Marital status and gender affect stage, tumor grade, treatment type and cancer specific mortality in T1–2N0M0renal cell carcinoma

M Marchioni, T Martel, M Bandini, RS Pompe, Z Tian, A Kapoor, L Cindolo, Riccardo Autorino, A Briganti, SF Shariat, L Schips, PI Karakiewicz

Research output: Contribution to journalArticle

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Abstract

Purpose: To examine the effect of marital status and gender on stage at diagnosis, tumor grade, treatment type and cancer specific mortality (CSM) in patients with localized renal cell carcinoma (RCC). Methods: Within Surveillance, Epidemiology, and End Results registry (2001–2013), we identified 57,700 patients with T 1–2 N 0 M 0 RCC. Logistic regression and competing-risks regression models tested the effect of marital status and gender on stage, tumor grade, treatment type and cancer specific mortality (CSM). Results: Of all patients, 8.8, 10.6 and 14.8% were, respectively, widowed, separated/divorced and never married. The three categories accounted for 3.9, 9.0 and 14.9% of males (35,641) and for 16.7, 13.1 and 14.7% of females (22,059). Widowed (OR 1.13, p = 0.04), separated/divorced (OR 1.16, p = 0.02) and never married status (OR 1.38, p < 0.001) predisposed to higher rate of no surgical treatment. Widowed (HR 1.32, p < 0.001) and separated/divorced (HR 1.32, p < 0.001) status predisposed to higher CSM. Male gender predisposed to higher T-stage (OR 1.12, p < 0.001), higher tumor grade (OR 1.35, p < 0.001), no surgical treatment (OR 1.23, p < 0.001) and higher CSM (1.13, p = 0.01). Interaction tests between gender and marital status failed to reach independent predictor status in all analyses. Conclusions: Male patients are at higher risk of less favorable baseline characteristics. Additionally, male, widowed and separated/divorced patients exhibit worse cancer control outcomes after treatment for T 1–2 N 0 M 0 RCC. These observations indicate the need of more focused attention to those patients prior to, as well as after treatment for localized RCC. © 2017 Springer-Verlag GmbH Germany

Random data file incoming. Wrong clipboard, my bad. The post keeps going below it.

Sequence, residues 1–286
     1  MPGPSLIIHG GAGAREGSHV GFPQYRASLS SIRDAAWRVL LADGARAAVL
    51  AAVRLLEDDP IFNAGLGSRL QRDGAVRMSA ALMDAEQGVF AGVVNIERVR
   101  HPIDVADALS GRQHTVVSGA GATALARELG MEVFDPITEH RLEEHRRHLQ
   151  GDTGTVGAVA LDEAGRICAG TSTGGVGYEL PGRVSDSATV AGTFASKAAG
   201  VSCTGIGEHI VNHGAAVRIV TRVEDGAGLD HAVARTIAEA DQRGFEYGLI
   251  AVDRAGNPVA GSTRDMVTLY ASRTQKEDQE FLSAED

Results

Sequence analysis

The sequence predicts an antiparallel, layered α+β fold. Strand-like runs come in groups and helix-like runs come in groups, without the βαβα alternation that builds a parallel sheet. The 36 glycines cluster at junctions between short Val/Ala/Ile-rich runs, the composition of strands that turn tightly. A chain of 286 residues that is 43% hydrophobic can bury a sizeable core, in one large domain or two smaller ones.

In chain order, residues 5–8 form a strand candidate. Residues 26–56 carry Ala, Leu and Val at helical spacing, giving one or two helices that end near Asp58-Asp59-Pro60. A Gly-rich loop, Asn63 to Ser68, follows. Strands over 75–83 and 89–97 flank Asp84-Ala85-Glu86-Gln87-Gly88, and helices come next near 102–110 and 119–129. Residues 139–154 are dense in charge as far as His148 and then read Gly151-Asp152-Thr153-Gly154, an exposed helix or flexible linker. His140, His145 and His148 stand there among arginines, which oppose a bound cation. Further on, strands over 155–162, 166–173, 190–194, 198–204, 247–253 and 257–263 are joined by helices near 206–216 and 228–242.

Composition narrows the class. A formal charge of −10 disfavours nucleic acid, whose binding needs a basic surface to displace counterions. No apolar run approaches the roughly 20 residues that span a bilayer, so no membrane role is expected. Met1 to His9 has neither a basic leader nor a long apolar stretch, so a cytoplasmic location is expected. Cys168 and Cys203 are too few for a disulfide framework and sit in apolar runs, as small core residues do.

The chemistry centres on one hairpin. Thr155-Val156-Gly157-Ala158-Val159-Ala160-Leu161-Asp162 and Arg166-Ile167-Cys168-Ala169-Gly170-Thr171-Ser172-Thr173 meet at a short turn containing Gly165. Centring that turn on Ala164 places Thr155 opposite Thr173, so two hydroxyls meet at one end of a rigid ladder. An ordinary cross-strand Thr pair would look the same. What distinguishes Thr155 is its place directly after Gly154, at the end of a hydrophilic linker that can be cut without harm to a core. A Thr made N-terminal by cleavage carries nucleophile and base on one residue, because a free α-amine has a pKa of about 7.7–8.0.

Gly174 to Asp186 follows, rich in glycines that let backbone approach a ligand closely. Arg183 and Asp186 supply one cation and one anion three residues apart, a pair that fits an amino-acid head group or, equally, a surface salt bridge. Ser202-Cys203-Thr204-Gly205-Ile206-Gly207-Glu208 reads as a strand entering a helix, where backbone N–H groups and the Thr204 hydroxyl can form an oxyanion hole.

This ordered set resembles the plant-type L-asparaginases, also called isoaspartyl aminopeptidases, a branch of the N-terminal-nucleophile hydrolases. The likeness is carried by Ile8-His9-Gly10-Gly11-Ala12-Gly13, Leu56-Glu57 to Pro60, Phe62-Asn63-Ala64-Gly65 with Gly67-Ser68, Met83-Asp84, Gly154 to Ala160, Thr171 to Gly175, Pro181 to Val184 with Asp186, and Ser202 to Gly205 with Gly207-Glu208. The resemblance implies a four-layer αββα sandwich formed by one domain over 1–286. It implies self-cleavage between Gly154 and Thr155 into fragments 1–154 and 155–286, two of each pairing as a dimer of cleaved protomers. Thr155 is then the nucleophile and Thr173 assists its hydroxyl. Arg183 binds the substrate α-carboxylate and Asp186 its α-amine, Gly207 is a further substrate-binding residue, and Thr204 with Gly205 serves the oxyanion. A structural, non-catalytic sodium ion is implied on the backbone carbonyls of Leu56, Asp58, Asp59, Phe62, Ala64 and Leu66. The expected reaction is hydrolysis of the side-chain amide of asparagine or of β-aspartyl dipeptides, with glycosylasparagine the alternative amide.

Original languageEnglish
Pages (from-to)1899-1905
Number of pages7
JournalWorld Journal of Urology
Volume35
Issue number12
DOIs
Publication statusPublished - 2017

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Marital Status
Carcinoma
Widowhood
Divorce
Mortality
Renal Cell Carcinoma
Neoplasms
Therapeutics
Germany
Registries
Epidemiology
Logistic Models

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Marital status and gender affect stage, tumor grade, treatment type and cancer specific mortality in T1–2N0M0renal cell carcinoma. / Marchioni, M; Martel, T; Bandini, M; Pompe, RS; Tian, Z; Kapoor, A; Cindolo, L; Autorino, Riccardo; Briganti, A; Shariat, SF; Schips, L; Karakiewicz, PI.

In: World Journal of Urology, Vol. 35, No. 12, 2017, p. 1899-1905.

Research output: Contribution to journalArticle

Marchioni, M, Martel, T, Bandini, M, Pompe, RS, Tian, Z, Kapoor, A, Cindolo, L, Autorino, R, Briganti, A, Shariat, SF, Schips, L & Karakiewicz, PI 2017, 'Marital status and gender affect stage, tumor grade, treatment type and cancer specific mortality in T1–2N0M0renal cell carcinoma', World Journal of Urology, vol. 35, no. 12, pp. 1899-1905. https://doi.org/10.1007/s00345-017-2082-9